In the end, it only takes five minutes – so what’s the harm in trying?

Inside the Journal

I loved the first few sections of the journal because it explained exactly why it’s so successful. The journal has five things going for it:

1. It enforces positive thinking at the beginning and end of your day. 

2. Positive thinking is psychologically proven to be good for you. 

3. It’s not complicated. 

4. It’s a quick way to look through your highlights. 

5. It’s an easy commitment. 

Then the journal goes through every single obstacle you might face when you’re filling it out. While it boasts of being quick, journaling twice a day is a commitment and the creators understood that. They ask you to promise yourself five days of journaling in a row. Then they ask you to write down a reward you’ll give yourself if you do five days and a punishment if you don’t do the five days.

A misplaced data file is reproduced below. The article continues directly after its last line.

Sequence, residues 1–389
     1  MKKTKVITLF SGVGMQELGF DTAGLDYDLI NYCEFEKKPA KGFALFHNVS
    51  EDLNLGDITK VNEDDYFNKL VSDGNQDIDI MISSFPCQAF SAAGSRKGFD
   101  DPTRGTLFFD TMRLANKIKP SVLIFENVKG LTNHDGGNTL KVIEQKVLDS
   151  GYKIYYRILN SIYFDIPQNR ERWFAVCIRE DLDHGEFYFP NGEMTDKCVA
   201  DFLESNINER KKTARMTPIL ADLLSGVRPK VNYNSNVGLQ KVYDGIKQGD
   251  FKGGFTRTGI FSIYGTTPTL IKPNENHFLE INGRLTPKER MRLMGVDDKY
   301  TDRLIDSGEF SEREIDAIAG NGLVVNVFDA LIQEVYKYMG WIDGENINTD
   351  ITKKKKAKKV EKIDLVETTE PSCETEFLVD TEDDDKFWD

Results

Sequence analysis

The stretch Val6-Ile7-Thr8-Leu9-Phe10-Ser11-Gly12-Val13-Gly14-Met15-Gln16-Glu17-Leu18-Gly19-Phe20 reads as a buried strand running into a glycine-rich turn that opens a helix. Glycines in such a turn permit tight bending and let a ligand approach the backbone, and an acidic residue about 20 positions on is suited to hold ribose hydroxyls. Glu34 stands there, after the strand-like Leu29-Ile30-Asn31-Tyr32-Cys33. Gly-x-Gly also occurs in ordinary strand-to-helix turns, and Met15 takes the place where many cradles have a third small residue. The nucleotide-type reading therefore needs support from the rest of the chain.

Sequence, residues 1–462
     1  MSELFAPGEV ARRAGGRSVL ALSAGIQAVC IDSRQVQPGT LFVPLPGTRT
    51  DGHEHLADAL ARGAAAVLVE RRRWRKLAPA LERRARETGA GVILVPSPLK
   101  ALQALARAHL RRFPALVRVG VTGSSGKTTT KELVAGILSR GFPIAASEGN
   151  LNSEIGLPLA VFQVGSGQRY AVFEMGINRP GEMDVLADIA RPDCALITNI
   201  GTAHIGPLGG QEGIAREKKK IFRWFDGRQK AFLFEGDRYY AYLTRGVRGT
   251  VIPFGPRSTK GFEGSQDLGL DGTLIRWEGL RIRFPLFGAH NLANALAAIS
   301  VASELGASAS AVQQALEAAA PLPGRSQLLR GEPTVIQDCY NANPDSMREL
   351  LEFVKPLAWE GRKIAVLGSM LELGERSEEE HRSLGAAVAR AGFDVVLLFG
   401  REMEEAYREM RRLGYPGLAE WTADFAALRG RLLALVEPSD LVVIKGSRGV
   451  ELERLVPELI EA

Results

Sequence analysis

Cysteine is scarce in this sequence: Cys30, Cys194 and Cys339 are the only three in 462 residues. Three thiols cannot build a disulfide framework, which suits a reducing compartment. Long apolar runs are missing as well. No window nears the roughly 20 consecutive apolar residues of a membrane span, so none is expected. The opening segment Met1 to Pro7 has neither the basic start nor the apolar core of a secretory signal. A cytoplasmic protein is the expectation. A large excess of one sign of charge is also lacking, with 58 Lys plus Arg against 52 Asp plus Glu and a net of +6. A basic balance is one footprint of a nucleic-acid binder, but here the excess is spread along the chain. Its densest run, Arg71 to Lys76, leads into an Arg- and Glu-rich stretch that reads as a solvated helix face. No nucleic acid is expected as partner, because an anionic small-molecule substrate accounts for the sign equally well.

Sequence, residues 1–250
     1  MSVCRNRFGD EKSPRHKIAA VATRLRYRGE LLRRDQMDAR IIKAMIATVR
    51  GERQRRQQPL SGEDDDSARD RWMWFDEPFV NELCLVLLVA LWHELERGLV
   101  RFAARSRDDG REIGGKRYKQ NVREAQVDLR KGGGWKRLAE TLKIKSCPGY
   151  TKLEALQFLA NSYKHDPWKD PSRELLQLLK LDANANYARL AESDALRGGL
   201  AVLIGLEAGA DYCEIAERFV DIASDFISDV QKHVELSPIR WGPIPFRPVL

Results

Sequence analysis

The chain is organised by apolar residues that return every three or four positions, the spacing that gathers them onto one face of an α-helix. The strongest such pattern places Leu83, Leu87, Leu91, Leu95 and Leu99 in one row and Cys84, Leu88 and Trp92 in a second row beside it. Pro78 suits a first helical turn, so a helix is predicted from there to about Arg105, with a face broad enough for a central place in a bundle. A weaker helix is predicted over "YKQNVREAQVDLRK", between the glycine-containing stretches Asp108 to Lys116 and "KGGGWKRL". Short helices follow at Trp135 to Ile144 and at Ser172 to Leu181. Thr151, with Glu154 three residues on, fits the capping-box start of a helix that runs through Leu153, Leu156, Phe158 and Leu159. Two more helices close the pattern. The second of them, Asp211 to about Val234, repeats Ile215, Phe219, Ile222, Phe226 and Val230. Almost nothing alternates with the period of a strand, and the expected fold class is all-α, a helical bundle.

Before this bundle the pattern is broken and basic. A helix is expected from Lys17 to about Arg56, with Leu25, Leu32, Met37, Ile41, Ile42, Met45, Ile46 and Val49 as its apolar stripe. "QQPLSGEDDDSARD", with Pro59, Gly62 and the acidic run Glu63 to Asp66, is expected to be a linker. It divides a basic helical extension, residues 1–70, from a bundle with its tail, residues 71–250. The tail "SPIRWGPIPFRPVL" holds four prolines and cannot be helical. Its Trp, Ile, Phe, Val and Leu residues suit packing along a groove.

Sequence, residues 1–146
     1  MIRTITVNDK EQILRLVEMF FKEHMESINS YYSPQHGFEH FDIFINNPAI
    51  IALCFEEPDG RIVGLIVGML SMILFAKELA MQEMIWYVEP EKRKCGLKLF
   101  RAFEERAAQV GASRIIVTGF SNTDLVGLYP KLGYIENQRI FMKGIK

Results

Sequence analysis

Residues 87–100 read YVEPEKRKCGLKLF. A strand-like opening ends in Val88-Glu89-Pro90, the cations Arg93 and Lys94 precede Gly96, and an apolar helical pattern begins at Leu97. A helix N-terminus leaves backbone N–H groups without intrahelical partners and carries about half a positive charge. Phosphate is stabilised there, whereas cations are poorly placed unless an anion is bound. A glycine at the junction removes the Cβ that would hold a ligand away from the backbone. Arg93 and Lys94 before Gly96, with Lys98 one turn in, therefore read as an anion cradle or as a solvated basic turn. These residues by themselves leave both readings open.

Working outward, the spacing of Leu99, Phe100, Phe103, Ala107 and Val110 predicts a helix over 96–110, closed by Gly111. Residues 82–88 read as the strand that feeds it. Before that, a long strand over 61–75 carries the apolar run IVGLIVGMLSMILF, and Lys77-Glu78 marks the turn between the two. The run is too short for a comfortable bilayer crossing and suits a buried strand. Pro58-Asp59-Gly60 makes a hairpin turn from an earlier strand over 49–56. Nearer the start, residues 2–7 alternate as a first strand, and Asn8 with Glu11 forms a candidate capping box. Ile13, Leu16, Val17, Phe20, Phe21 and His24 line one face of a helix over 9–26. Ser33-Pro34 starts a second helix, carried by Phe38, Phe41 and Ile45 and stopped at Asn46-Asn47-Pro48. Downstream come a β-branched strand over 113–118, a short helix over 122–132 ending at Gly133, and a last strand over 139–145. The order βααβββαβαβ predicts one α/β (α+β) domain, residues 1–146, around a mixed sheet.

The journal then asks you to write down your mission statement, flaws and issues you see in yourself, problems that might hinder you from filling out the journal every morning and evening, and ways to avoid those problems. 

After you’re done filling all that out, you’re ready to go!

The Five Minute Journal

the 5 minute journal


My Week

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At the beginning of the week, I was skeptical about how well the journal would work. I’m very protective over my morning routine and usually don’t add anything to it. I’ve intentionally not added journaling into my mornings because my routine already takes a bit of time and effort, and I never want to dread my quiet time. But everyone I know who has started this journal is completely sold, so I gave in.